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True story gives example of some of motherhood's best qualities; Eleni, by Nicholas Gage. New York: Random House. 471 pp. $15.95.

Eleni, the real-life heroine of this superb book, was the mother of the author, Nicholas Gage. His account of his family's life and his mother's death at the hands of Greek communist guerrillas after World War II tells in vivid terms of the power of a mother's love. Eleni is no idealized saint, but her devotion to her children's survival is an example of motherhood's very best qualities.

Much of the book takes place in Lia, a village near the Greek-Albanian border. Many villagers had never been out of the general vicinity, but Eleni's family was different. Christos, her husband, had emigrated to the United States. His hard work enabled him to send money and gifts to his family. Hoping to join him someday, Eleni shared her abundance with neighbors who admired and envied her.

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War, first with Germans during World War II and later between communist guerrillas and government forces, changed their relatively simple lives. Eventually the Greek communists took control in Lia. As conditions worsened, the communists separated young children from their families and sent them into exile in Albania and other communist countries. Older female children were forced to join the guerrillas. Realizing that her son and four daughters would soon be sent either into exile or to fight with the communists, Eleni arranged for a neighbor to help them flee.

Two escape attempts failed. Then one daughter was conscripted to cut wheat for the guerrillas. When another ''volunteer'' harvester was needed, Eleni went. But she made the remaining youngsters promise to escape, to contact their father , and then to make their way to America.

The children and some other villagers succeeded in getting out, but the fact that 20 people had evaded capture infuriated the communists. They began looking for scapegoats to use as examples, and fear turned many villagers into informers against their friends - innocent and guilty alike. Ultimately, Eleni and four others were tortured and then put to death. But all her children - including the one taken to harvest wheat - were saved.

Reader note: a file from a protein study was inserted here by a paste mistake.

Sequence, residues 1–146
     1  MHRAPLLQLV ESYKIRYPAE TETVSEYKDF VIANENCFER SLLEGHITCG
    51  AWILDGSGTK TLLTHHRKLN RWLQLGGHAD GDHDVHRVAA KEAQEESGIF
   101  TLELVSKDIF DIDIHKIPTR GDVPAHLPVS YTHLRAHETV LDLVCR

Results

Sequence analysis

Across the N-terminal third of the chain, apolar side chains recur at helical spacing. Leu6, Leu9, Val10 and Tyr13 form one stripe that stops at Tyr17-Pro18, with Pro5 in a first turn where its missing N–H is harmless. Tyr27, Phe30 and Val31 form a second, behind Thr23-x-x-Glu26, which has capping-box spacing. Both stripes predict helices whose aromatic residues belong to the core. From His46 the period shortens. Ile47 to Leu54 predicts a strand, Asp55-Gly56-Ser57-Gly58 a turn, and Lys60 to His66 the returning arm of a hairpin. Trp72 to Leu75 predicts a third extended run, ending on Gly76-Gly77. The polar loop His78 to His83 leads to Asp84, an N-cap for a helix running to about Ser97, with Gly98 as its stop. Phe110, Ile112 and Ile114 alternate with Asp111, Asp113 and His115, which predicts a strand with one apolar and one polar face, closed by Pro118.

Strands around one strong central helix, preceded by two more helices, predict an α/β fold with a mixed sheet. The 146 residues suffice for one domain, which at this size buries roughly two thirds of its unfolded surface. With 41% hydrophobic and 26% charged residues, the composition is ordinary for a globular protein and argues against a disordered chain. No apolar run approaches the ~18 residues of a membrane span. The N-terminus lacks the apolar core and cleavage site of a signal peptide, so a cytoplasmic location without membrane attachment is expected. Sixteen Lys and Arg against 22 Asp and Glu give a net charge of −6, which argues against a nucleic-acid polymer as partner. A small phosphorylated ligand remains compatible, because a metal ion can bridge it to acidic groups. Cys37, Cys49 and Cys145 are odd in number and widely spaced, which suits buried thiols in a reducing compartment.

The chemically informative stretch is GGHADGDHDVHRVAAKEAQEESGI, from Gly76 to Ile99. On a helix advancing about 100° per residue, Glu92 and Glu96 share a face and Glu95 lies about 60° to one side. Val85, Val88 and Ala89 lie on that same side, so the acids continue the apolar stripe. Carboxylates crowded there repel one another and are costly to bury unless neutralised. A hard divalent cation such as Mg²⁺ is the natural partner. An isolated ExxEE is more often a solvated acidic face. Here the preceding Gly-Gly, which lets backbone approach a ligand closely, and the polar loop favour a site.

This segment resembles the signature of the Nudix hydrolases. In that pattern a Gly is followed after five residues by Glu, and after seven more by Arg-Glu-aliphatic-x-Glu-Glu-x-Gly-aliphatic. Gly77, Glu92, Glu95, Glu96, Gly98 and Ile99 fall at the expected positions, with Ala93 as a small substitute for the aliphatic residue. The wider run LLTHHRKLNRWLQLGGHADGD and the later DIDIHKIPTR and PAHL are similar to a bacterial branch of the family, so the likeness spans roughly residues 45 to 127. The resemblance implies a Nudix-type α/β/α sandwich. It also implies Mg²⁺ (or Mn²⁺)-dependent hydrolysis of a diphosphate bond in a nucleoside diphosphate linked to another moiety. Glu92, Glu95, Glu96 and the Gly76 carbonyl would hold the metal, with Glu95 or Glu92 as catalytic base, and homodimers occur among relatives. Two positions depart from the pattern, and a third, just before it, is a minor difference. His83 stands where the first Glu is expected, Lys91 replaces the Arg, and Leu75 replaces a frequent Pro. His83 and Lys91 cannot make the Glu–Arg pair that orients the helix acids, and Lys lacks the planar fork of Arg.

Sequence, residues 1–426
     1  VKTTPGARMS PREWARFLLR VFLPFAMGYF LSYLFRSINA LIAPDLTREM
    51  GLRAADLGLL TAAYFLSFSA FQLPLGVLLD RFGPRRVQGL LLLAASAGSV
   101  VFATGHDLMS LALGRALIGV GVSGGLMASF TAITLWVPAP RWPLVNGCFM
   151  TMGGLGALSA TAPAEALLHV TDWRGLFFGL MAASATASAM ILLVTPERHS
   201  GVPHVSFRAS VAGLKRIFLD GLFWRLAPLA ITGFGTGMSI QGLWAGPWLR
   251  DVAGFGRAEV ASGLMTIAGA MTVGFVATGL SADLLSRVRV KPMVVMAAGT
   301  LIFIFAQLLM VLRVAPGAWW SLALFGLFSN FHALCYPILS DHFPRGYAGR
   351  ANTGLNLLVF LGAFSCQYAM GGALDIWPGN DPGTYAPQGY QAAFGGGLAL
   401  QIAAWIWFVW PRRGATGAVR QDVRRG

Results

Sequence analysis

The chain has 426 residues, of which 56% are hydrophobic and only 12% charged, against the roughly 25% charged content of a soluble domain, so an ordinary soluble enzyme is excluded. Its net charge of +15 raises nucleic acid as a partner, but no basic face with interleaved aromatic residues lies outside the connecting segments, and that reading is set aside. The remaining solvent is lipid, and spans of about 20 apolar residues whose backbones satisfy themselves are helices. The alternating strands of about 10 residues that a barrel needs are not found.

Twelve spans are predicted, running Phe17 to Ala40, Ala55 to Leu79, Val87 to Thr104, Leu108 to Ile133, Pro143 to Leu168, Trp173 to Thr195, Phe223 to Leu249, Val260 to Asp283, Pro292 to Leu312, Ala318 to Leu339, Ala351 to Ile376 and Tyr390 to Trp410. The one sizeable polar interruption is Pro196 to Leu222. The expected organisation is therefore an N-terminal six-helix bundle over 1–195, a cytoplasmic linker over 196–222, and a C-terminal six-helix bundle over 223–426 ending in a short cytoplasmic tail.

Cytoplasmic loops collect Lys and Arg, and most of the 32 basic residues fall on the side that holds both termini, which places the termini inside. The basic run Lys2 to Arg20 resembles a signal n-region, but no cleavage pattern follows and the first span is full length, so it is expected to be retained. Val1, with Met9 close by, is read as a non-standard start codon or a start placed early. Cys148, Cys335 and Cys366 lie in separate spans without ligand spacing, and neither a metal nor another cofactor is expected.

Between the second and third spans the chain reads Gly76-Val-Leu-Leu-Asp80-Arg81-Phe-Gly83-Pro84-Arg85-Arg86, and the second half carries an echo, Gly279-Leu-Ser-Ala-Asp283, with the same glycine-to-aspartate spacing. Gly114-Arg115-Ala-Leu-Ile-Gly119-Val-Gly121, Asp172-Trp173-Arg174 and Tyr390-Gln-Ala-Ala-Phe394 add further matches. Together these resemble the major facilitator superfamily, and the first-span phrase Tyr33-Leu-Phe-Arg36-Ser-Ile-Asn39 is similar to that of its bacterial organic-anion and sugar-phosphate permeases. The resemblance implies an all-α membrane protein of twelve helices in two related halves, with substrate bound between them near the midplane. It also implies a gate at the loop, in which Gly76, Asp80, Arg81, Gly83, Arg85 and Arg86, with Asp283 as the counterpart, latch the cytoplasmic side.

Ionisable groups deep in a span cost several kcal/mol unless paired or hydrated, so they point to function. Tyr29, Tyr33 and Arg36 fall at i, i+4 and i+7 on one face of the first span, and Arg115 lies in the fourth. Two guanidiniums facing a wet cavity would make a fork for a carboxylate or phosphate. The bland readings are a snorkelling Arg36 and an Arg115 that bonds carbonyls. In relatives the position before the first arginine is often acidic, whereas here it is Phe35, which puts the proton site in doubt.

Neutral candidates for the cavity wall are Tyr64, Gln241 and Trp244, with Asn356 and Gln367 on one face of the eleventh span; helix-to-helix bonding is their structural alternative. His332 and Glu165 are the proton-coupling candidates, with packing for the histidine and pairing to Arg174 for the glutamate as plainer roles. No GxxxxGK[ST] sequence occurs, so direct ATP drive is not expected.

This brief outline barely hints at the book's excellence. Moral courage, kindness, intelligence, and love pervade its people. Despite the usual human failings, many of the villagers proved extraordinarily brave when put to the test.

Nor is the book just a record of sorrows. Among the lighter touches is Nicholas's attempt to build a swimming pool. At six years old, he had heard of, but never seen, this wonder described by his father in America. One hot day he dug the biggest hole he could and then spent two hours trying to fill it with water, which just seeped into the ground. Finally, there was about two inches of mud in the bottom. Although that didn't look like what he had envisioned, he took off his outer clothes and plunged into the hole head first.

A neighbor happened to see his mud-covered figure sticking out of the ground and thought it was a demon. Her screams brought the neighbors running to see the boy doing ''his best at what he thought must be the backstroke.''

Nicholas Gage was a reporter for the New York Times for a decade before quitting his job to tell his mother's story. He interviewed scores of people - villagers, soldiers, government officials - and read voluminous reports and other documents. In the beginning, he wanted to avenge Eleni's death. But writing the book and seeing how his mother refused to hate even her enemies showed him that revenge would never break the cycle of killing.

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Gage's account of her life is more than the story of one person. It tells in a powerful way how a mother's love can reach far beyond the limitations of time, space, and even death to save and protect her young.

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